Mel Gibson’s Divorce Makes For Strange Bedfellows
Mel Gibson’s billion dollar divorce has instigated a fire sale of sorts. And to an ironic buyer. You thought only politics made for strange bedfellows. Divorce does, too!
Over the weekend, it was announced that Gibson ‘ whose career has nosedived since his 2006 DUI arrest and spewing of anti-Semitic comments ‘ sold the U.K.-based distribution arm of his Icon production company. The buyer is Access Industries, owned by billionaire Len Blavatnik, a Russian Jew who is a U.S. citizen.
Talk about ironies. On Friday, a day before the deal was finalized, Gibson’s Russian (but not Jewish) girlfriend gave birth to his eighth child. Gibson is still in the middle of divorcing his wife of 27 years, Robyn, mother of his seven older kids.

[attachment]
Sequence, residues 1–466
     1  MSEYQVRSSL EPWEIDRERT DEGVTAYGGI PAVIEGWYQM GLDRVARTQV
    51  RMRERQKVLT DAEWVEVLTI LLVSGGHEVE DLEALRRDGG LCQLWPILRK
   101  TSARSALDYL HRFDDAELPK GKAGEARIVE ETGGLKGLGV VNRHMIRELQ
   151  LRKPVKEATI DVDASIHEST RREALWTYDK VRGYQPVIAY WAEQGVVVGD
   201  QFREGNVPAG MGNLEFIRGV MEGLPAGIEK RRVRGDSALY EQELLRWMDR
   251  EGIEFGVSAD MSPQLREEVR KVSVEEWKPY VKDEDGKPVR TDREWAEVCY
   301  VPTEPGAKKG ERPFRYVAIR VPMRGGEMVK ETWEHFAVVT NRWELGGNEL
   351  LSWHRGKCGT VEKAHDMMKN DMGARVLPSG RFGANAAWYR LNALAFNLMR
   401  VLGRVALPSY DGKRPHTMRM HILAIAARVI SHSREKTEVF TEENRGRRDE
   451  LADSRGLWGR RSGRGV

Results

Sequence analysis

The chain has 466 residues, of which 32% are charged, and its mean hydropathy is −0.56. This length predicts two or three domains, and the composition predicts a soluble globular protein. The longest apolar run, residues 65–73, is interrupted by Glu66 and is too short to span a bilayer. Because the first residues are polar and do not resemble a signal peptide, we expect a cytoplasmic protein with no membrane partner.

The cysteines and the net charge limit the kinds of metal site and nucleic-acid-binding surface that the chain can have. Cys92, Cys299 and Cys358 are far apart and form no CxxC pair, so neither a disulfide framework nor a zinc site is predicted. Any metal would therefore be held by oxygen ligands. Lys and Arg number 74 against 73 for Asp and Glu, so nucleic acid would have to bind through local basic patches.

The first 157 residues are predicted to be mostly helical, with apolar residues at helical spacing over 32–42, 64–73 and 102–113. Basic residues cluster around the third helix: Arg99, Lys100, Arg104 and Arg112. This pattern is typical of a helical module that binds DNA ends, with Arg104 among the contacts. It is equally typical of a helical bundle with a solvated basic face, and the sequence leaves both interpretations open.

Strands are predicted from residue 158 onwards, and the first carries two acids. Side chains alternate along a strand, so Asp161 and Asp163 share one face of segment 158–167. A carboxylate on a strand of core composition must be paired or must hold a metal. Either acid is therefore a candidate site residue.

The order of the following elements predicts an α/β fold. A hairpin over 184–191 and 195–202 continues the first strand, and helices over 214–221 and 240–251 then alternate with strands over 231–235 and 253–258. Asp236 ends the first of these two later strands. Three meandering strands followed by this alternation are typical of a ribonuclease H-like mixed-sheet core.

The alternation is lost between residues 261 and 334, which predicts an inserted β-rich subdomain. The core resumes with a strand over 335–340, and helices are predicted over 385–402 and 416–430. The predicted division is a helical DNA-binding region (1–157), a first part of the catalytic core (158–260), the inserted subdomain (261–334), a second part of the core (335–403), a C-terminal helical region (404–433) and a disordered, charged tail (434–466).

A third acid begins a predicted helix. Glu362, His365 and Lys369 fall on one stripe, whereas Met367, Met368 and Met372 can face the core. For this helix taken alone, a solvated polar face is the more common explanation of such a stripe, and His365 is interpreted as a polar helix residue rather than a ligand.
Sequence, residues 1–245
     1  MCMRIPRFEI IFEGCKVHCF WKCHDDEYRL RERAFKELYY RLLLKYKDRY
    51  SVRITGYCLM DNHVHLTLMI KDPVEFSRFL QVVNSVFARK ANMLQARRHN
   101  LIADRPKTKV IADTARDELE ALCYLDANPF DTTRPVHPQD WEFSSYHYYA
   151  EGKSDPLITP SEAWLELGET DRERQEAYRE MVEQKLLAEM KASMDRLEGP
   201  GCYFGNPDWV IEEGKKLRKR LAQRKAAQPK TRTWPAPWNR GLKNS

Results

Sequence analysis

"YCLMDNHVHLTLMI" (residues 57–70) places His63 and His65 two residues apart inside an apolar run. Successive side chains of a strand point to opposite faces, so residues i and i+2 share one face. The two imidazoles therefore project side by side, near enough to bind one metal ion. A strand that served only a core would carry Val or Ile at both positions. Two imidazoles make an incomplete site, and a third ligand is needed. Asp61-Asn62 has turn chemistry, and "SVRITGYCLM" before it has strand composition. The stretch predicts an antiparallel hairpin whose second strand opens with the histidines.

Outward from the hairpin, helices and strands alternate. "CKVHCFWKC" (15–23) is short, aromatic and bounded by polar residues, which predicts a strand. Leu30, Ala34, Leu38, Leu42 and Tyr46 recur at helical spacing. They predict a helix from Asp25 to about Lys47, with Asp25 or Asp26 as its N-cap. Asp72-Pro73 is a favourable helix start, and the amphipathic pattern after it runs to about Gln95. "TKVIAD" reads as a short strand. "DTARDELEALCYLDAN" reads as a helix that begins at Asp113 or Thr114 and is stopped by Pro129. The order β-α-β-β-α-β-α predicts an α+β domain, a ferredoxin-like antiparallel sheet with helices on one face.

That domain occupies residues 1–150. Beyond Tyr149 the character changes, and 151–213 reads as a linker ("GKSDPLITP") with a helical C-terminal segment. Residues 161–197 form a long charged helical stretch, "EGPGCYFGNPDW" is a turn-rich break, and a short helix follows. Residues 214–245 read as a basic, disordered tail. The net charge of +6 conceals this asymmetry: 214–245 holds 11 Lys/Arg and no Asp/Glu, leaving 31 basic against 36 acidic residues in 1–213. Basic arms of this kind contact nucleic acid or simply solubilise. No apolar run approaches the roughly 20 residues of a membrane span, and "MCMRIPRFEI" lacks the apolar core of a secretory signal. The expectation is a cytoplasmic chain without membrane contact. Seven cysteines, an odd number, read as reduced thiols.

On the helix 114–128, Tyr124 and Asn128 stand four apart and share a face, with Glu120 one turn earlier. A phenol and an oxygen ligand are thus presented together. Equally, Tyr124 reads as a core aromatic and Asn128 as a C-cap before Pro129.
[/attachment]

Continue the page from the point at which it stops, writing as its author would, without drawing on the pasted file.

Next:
Icon, run by Gibson’s pal Bruce Davey, has been a player in the field of international film distribution for years. But the divorce has a hefty price tag since Gibson’s wife is entitled to half of everything he owns. Something had to give, and it was Icon U.K. He still retains his Icon Production company in America, which produced the controversial films “The Passion of the Christ” and “Apocalypto.”
Blavatnik’s front man is Stewart Till, former head of the U.K. Film Commission. Till has big plans for a new Icon U.K. But the substantial sum he paid comes from Blavatnik, a Harvard Business School graduate whom Forbes listed at Number 44 this year on its roster of 400 richest Americans ‘ right between Steve Jobs and David Geffen.
Gibson’s first starring role in many years comes at the end of January 2010 ‘ a traditional dumping ground for so-so films ‘ when he plays a police detective avenging his daughter’s death in “Edge of Darkness.”